I think the cause of the problem is that my speaker wire may have touched each other causing a short circuit.. (I put Speakon clips onto my speakers which were originaly just RED/BLACK).. This was working fine on Friday night (The night before).. I have taken out the old speakers (RED/BLACK ones) and just left in my 500w 15inch Loudspeaker (Pro Sound with Speakon) but the Temp light will not go off. It sais it will resume normal operation after 3-5 minutes but this doesn't happen!
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Re: Temp light wont go off on my amp
Shorting a car amp's speaker connection while in operation tends to pop the lids off of the capacitors. If you are not afraid to uninstall the amp and open it up, look for popped caps and oil stains on the circuit board. If this is the case, find some place to repair it or repair it yourself.
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code p 0113 refers to intake air temp(IAT) sensor --circuit malfunction===causes --wiring open circuit/ shorted to positive --wiring short to ground--ground wire defective --IAT sensor--ECM
cpde p 0118 refers to engine coolant temp (ECT) sensor ----circuit malfunction--===causes -coolant thermostat--wiring open circuit / short to positive --wiring short to ground -- ground wire defective --ECT---ECM
One important note to be aware of Polarity. DC connections are Positive + and Negative -. RED/Black and/or White wires. Yellow is usually Video. Do not Reverse the polarity as this can cause mismatches and/or short circuits. Disconnect your attached wires and re-attach them correctly and firmly. Wires must be set into or onto the posts or connection points correctly by + or - and they may not touch one another. Check the Reset or Fuse on the amp and make certain you have full power.
If you fail to polarize correctly, you could damage the speakers moreso than the Amp.
Most overloads are caused by the main output devices. They will go short circuit if for example speaker wires have come into touch. Another cause is high volume or a faulty speaker. Or poor ventilation around the amp causing excess heat.
The only cure is to replace the device(s) generally located on the heat sink.
probably something corssed in your speaker wiring. be sure that you did not exceed the ohmage capabilities of the amp, and that no speaker wires are crossed, or shorting out on the frame. if you have too many speakers hooked up, that can reduce the ohmage, and your not supposed to go below 2 ohms -per channel, or 4 ohms bridged mono.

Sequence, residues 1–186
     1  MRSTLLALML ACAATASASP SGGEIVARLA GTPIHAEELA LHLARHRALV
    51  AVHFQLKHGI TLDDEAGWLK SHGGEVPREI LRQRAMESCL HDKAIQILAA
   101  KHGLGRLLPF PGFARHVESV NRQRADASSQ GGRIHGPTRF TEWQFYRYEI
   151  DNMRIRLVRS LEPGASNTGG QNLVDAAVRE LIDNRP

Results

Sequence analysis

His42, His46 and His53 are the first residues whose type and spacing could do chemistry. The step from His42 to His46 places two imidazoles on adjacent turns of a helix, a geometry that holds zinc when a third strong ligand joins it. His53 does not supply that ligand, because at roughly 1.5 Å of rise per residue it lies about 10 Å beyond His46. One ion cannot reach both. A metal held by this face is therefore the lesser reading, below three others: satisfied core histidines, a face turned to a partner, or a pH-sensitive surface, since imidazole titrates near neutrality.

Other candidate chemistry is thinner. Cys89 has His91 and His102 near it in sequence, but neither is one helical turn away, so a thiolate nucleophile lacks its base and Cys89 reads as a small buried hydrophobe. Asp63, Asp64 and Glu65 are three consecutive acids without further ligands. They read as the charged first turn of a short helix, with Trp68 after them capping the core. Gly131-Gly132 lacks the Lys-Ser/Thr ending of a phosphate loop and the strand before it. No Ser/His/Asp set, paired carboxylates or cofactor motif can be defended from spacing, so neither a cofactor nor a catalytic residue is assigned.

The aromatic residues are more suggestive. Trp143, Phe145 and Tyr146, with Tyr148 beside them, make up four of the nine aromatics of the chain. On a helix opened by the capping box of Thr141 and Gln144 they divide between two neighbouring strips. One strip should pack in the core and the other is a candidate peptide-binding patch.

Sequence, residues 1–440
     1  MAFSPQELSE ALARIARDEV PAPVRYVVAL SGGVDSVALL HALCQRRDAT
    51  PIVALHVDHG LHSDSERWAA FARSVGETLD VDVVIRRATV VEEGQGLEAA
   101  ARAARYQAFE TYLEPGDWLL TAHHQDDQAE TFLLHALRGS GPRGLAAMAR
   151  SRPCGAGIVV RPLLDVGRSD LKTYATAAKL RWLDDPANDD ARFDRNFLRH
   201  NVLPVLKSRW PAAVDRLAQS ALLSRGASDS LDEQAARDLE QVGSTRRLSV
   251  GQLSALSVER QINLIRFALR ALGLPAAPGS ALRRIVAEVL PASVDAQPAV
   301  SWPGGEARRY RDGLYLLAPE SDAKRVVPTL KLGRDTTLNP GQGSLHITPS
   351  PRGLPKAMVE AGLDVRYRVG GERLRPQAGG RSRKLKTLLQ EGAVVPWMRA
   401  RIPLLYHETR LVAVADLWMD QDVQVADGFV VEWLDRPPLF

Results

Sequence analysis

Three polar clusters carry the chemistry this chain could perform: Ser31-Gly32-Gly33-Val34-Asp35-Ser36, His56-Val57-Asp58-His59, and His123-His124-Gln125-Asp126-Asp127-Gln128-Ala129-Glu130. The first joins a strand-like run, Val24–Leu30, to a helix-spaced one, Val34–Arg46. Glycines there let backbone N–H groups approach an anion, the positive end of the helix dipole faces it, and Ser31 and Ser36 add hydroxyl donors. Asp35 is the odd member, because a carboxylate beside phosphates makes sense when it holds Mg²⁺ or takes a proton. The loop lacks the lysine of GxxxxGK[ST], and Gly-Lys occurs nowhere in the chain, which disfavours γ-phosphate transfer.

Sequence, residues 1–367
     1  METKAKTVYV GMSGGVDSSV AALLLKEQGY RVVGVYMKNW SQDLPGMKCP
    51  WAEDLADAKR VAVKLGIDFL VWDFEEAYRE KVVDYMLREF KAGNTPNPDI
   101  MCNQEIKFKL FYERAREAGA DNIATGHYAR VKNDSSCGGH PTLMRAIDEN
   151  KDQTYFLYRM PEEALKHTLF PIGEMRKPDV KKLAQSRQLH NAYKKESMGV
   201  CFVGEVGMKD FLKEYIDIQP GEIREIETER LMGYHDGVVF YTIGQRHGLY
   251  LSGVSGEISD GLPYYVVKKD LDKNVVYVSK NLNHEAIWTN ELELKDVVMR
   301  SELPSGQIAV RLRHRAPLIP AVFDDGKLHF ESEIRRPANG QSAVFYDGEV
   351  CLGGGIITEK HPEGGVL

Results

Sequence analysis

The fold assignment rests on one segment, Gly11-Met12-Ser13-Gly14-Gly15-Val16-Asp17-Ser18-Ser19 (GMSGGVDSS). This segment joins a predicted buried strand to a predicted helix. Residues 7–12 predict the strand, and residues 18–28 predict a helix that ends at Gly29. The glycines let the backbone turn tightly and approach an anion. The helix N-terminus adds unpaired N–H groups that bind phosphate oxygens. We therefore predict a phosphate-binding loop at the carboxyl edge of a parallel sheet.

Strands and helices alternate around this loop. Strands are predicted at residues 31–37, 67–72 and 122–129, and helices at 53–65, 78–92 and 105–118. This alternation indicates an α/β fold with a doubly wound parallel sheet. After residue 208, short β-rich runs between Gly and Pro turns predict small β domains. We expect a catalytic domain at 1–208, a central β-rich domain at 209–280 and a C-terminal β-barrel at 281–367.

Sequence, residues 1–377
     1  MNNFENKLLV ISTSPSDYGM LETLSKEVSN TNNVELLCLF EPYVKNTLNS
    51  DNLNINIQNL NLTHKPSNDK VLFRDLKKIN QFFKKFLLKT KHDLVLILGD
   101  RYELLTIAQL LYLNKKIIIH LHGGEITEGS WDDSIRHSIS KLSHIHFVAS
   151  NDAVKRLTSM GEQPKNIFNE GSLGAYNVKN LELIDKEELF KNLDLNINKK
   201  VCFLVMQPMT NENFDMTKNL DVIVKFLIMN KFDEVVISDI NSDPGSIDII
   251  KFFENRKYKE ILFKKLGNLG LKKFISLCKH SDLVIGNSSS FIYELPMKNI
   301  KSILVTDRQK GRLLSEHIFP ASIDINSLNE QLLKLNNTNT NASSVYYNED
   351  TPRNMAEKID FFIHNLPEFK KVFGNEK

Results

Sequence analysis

Check that both left and right channels work on A speakers. If they do, the amplifier is probably good and your problem may be outside the amplifier.
Try swapping the left and right speaker connections at the back of the amp to see if the problem changes from left to right. this would tell you if the problem is in the amp or out to the speakers.
Hope this helps
Fuses blow when there is an overload caused by a short circuit. If the speaker you connect up to the amp causes a short. There is either a shorted part in the speaker or the wires to it are touching at some point. Assuming you can sort out the speaker issue and connecting a good speaker with good wiring and it still causes a short and blows a fuse. Then it's likely the output device(s) in the right channel have developed a short themselves. Perhaps as a result of being connected to faulty wiring or speakers.
reset the unit. (use the reset button if it has one or remove all power to it) check the power to any amps you have hooked up and check for short circuited speaker wires (the - wire touching the + wire) all these things will cause you to have no sound.. if that dont work have the unit looked at at a audio shop it might need replaced
Ok this means the AMP is in protection mode!..most likely the cause is a short in your wireing from the speaker wires! check all wires going in and out of amp! Look for stray wires touching metal or other contacts! (If this does not fix it the short may be inside of amp!
(This has nothing to do with a fuse!)
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